Click through for full-size version

Now, feel free to print this off and cut them out and try and arrange them or whatever, but some things will be apparent. Firstly, plot 1 must be separate from the rest, those neighbours don’t recur. Secondly, plot 5 cannot adjoin any of the others, once you work it out: Isarn would have to crop up again and he doesn’t. (This could be fudged with rectangular plots, but who’s to say whether they should be lengthened north-south or east-west? Let’s not.) In fact, I can only get three of these five onto a continuous layout, as follows:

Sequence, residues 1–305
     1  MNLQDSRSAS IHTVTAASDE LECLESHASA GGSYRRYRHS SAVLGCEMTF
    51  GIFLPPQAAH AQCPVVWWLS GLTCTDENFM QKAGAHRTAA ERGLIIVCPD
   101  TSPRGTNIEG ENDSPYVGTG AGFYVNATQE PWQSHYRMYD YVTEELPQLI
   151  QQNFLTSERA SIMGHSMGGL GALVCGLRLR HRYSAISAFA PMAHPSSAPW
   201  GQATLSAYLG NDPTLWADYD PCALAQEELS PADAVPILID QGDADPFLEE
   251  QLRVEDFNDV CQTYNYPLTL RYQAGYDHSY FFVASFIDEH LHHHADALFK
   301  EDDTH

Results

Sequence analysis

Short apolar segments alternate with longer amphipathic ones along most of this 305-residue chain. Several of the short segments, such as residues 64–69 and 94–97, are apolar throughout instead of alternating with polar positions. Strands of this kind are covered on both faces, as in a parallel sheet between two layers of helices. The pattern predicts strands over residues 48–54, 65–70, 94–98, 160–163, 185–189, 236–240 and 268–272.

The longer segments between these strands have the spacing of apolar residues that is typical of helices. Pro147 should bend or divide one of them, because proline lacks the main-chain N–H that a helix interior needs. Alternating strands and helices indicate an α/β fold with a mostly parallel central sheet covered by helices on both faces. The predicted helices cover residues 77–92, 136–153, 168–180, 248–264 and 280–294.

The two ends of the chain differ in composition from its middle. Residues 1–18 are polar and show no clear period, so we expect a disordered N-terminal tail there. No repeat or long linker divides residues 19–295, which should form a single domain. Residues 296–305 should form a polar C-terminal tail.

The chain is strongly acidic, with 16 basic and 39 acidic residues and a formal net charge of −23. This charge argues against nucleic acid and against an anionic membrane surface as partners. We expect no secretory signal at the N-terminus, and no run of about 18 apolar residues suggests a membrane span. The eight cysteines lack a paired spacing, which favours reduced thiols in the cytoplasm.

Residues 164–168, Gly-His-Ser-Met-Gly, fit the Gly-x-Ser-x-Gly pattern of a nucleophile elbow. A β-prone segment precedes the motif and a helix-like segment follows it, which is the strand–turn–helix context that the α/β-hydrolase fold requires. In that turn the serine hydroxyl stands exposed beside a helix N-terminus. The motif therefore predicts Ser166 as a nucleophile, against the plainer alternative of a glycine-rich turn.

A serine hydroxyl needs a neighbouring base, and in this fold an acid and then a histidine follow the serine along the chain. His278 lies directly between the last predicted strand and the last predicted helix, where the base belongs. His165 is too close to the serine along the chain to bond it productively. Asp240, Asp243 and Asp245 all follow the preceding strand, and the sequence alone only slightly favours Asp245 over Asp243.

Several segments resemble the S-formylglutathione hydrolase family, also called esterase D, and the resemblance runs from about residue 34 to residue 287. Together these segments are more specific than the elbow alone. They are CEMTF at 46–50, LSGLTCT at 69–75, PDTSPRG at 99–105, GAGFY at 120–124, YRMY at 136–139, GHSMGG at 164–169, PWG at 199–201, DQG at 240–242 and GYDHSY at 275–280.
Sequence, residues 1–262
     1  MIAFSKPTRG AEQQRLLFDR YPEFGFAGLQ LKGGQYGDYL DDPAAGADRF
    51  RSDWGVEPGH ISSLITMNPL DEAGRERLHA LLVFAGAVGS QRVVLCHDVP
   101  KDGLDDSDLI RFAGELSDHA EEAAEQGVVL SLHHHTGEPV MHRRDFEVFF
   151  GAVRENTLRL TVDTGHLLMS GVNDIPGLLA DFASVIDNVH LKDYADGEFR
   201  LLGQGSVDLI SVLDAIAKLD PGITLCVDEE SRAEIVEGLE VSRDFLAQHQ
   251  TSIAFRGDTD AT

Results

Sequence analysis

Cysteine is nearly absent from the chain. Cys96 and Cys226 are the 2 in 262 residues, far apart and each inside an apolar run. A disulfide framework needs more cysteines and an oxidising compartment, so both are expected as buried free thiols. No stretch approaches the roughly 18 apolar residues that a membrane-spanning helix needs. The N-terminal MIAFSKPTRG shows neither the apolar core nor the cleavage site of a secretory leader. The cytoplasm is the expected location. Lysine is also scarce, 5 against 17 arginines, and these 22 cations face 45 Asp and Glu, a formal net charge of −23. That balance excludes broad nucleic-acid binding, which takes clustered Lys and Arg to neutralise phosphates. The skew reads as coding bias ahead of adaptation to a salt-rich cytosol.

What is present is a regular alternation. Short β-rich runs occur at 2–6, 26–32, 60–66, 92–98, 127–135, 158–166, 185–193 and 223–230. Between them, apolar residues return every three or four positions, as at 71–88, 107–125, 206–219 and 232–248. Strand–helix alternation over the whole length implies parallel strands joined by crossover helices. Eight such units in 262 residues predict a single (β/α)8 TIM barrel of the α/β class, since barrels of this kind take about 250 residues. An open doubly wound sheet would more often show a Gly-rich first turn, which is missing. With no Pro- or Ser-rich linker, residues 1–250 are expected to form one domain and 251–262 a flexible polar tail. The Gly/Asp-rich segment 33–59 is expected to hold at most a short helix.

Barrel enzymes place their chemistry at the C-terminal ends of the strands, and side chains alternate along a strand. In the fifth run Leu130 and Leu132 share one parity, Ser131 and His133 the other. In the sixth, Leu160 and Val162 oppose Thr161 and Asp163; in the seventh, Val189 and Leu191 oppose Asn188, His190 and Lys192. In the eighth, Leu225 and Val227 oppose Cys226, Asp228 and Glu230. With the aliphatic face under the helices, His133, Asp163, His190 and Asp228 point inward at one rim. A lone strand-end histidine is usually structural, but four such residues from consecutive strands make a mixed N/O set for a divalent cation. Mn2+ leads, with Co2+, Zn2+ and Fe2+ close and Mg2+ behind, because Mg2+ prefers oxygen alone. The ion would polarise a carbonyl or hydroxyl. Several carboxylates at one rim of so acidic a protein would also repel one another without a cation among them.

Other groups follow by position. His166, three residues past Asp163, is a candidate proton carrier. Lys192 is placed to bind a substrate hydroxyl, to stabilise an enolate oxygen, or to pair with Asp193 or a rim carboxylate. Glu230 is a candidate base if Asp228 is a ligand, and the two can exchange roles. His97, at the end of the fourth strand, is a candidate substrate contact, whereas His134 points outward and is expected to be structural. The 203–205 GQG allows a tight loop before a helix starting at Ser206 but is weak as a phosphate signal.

Now, this is not, perhaps, analytically useless. What it tells us apart from anything else, is that at the bare minimum this neighbour Riculf, who is in fact probably one of the sellers but here holding separately from them, has three separate plots of land and another of heath (because his edge of plot 5 doesn’t join up to any on the sketch), and so he’s clearly more important than the other three transactors, which fits with him being named first. Berà, too, must have at least two; if the plots are all equal in size (IF) there’s no way he can have fewer. Ennegó, on the other hand, despite showing up as a neighbour twice, could plausibly just have the one plot. But of course the plots probably aren’t equal in size, and even if they are, we have two more here that won’t join up and that means that there are others between them that we just aren’t seeing, any of which could belong to any of these people. And in fact, of course, there’s nothing that means any of these plots have to join up, or that they must do so in the most economical way. But even if they did, Riculf might have had only these four plots, but Ennegó might have twenty! Just, not right here. This method cannot disprove that. In fact, it can’t disprove much, and neither can it prove anything really. I still keep trying it, occasionally, because such records do have this tempting jigsaw-like solvability, but every time I do the results really ought to put me off doing it again…